Russia will be allowed to participate in the Youth Olympics in Lausanne, Switzerland, that open Jan. 9.

WADA’s inability to fully expel Russia from the Tokyo Olympics and 2022 Beijing Winter Games frustrated the doping watchdog’s vice president.

“I’m not happy with the decision we made today. But this is as far as we could go,” said Linda Helleland, a Norwegian lawmaker who serves on WADA executive committee and has long pushed for a tougher line against Russia. “This is the biggest sports scandal the world has ever seen. I would expect now a full admission from the Russians and for them to apologize on all the pain all the athletes and sports fans have experienced.”

Although the IOC has called for the strongest possible sanctions, it wants those sanctions directed at Russian state authorities rather than athletes or Olympic officials.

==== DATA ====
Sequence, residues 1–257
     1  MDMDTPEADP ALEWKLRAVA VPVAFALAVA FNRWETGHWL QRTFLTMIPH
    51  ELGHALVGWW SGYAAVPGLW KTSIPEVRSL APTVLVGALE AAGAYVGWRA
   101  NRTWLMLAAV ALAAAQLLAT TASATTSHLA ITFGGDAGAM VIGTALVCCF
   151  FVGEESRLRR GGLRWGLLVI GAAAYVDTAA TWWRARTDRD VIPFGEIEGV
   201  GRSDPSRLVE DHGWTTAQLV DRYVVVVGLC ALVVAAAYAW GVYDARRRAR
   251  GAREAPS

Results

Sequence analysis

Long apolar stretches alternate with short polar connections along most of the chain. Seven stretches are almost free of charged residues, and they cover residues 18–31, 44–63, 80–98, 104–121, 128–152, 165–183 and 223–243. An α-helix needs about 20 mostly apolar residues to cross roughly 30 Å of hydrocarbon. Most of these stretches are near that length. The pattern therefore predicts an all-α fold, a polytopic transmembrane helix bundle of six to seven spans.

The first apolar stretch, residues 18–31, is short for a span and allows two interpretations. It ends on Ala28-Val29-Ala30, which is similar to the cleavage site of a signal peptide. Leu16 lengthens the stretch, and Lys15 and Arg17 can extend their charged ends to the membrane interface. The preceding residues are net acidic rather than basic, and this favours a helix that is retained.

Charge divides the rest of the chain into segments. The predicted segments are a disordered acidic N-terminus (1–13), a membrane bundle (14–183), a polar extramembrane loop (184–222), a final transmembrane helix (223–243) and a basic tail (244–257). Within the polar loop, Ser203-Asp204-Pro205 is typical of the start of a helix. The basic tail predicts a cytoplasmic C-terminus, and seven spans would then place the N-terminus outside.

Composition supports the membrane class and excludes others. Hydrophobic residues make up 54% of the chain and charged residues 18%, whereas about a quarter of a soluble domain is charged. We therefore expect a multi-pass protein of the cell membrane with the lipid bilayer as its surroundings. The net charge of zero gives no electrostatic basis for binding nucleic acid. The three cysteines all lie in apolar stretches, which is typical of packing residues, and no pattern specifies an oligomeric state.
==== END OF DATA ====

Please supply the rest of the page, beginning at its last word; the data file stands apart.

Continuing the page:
“To allow Russia to escape a complete ban is yet another devastating blow to clean athletes, the integrity of sport and the rule of law,” USADA CEO Travis Tygart said in a statement. “And, in turn, the reaction by all those who value sport should be nothing short of a revolt against this broken system to force reform.”

Russia’s Olympic champion women’s handball team is currently competing at the world championships in Japan. Its next match is Tuesday against Montenegro. Russia has been the scheduled host for the world luge championships in Sochi in mid-February.

The “major sports” events that fall under WADA’s sanctions do not include European Championships or other non-world championships events such as tennis’ upcoming Australian Open.

The Associated Press contributed to this report.

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TIMELINE: Russia’s recent history of sports doping